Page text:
The father-son owners of Ed’s Way Food Mart have placed the institution on the market, after 28 years operating at 946 Beloit Ave.
“If somebody came in after us who would keep this place going, I’d love it. I’d even stay on until it got to the point where they’re well established and I’d just go on my merry way,” said Ed Nutley, 82, co-owner of the business with his son Mike. “I’ve been doing this, in the grocery business, probably since I’ve been 15. There’s too many things I’ve been missing out on.”
A price for Ed’s Way is not listed on the Loopnet real estate listing site, and realtor David King declined to comment on the price the pair is seeking. King, of Forest Park, is the owner of the Oak Park-based David King & Associates real estate company, which is marketing the property.
“There’s a couple of possibilities,” King said of Ed’s Way’s future. “One, obviously, is another food store, it would just step in; two, a different type business occupying that building for a different use; and three, potentially it’s a residential development site. Whether that means single-family homes, whether that means townhouses, whether that means three flats, the marketplace will dictate that.”
King said he’s already talked to “several parties” but the transition could take time.
“We could be here two more years, so we still need the neighbors’ support while this is going on,” said Mike Nutley, 62.
The Nutleys purchased 946 Beloit Ave. from the father-son Sarafino grocer team in April 1991, back when it was named White Way and had operated for 40 years in that space. This was the second grocery store the Nutleys had owned. They ran a store nearby called Westchester Finer Foods for about 10 years before purchasing Ed’s Way. Before that, they managed now-shuttered A&P grocery stores. Ed saw an opening in the market, knew White Way’s owner, and jumped at the chance to own a business in Forest Park, where he lived.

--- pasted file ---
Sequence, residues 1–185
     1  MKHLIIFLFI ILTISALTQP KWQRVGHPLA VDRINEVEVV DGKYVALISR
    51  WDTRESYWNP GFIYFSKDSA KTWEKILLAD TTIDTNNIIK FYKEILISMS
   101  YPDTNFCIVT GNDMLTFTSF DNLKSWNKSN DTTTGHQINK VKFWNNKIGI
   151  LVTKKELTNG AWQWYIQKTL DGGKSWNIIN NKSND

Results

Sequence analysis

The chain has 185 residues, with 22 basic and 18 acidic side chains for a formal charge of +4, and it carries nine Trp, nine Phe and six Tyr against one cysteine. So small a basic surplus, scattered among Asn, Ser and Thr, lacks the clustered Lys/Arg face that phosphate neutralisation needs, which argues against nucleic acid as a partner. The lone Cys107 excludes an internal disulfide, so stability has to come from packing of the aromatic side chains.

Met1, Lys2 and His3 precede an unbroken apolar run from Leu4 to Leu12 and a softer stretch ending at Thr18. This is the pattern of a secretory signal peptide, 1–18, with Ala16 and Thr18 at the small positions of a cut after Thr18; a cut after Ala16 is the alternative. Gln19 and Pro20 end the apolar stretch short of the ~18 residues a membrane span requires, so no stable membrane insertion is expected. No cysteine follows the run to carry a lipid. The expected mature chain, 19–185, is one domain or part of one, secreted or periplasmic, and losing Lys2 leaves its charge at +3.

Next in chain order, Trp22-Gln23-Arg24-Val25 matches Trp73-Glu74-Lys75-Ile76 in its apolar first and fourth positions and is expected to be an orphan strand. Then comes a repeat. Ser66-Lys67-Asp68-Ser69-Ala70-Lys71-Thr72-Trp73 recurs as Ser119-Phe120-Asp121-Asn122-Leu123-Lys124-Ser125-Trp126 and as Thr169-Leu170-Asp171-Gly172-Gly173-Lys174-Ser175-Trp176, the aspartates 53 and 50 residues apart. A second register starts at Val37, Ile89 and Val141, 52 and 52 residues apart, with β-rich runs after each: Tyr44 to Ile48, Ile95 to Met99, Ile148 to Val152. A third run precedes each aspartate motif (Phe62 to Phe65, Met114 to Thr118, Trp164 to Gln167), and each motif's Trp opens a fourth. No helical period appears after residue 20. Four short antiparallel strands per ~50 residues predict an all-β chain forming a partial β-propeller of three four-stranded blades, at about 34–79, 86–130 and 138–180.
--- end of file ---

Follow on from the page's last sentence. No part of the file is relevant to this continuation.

The Nutleys purchased an already established business. They said parents would drop their children off at Field-Stevenson Intermediate Elementary School every morning and then run over to the store to shop and chat. Every afternoon, another group of mothers would return with their kids in tow, meeting to talk about how the day went. The Nutleys considered naming the new business “The Meeting Place.” They decided to go with the patriarch’s name instead.
Over the years, the Nutleys watched as their teenage cashiers graduated from high school, went on to college and then returned to the store as mothers with kids of their own, coming back to Ed’s Way for groceries and conversation. The Nutleys watched as adults aged and continued to shop independently at the store, able to navigate a 9,000-square-foot space more comfortably than a larger store, Ed said.
“If you go to the Jewel over there on Lake Street, if you need to go back and get something, you’d have to walk a block to get a loaf of bread and come back to the register. Over here, you’re in and out,” he said.
Mike remembers winters with snow piled so high that cars couldn’t navigate the streets, and customers dragged their sleds to Ed’s Way, shopping, then pulling their groceries home. During snowstorms, he remembers, hospital officials would come over to Ed’s Way and buy out the store’s stock of milk because their regular suppliers couldn’t get through the snow.
The Nutleys credit the store’s success to its down-home feel and involvement in the community. Almost every year, Ed’s Way donates more than 100 turkeys to the Howard Mohr Community Center’s food pantry for Thanksgiving. They also make donations to Forest Park’s Little League teams and award a Field-Stevenson star-reader a free bike among other community investments.
“In those big chains you’re just another number, but it’s different here. It’s a family type of store that everybody knows everyone [and] everybody matters,” Ed said.
The two said they’d been kicking around the idea of selling the store for a few years. “He’s 82, working over 40 hours a week; I’m 62 working over 80, there’s your ‘Aha’ moment,” Mike said.
Once the business is sold, the two plan to retire, with Ed saying he looks forward to spending more time with his grandchildren and “just being on a little pontoon boat with a fishing pole and a Bud Light.” Mike says, “Maybe I’ll get in a truck and see the country. Who knows? It’s time for a change.”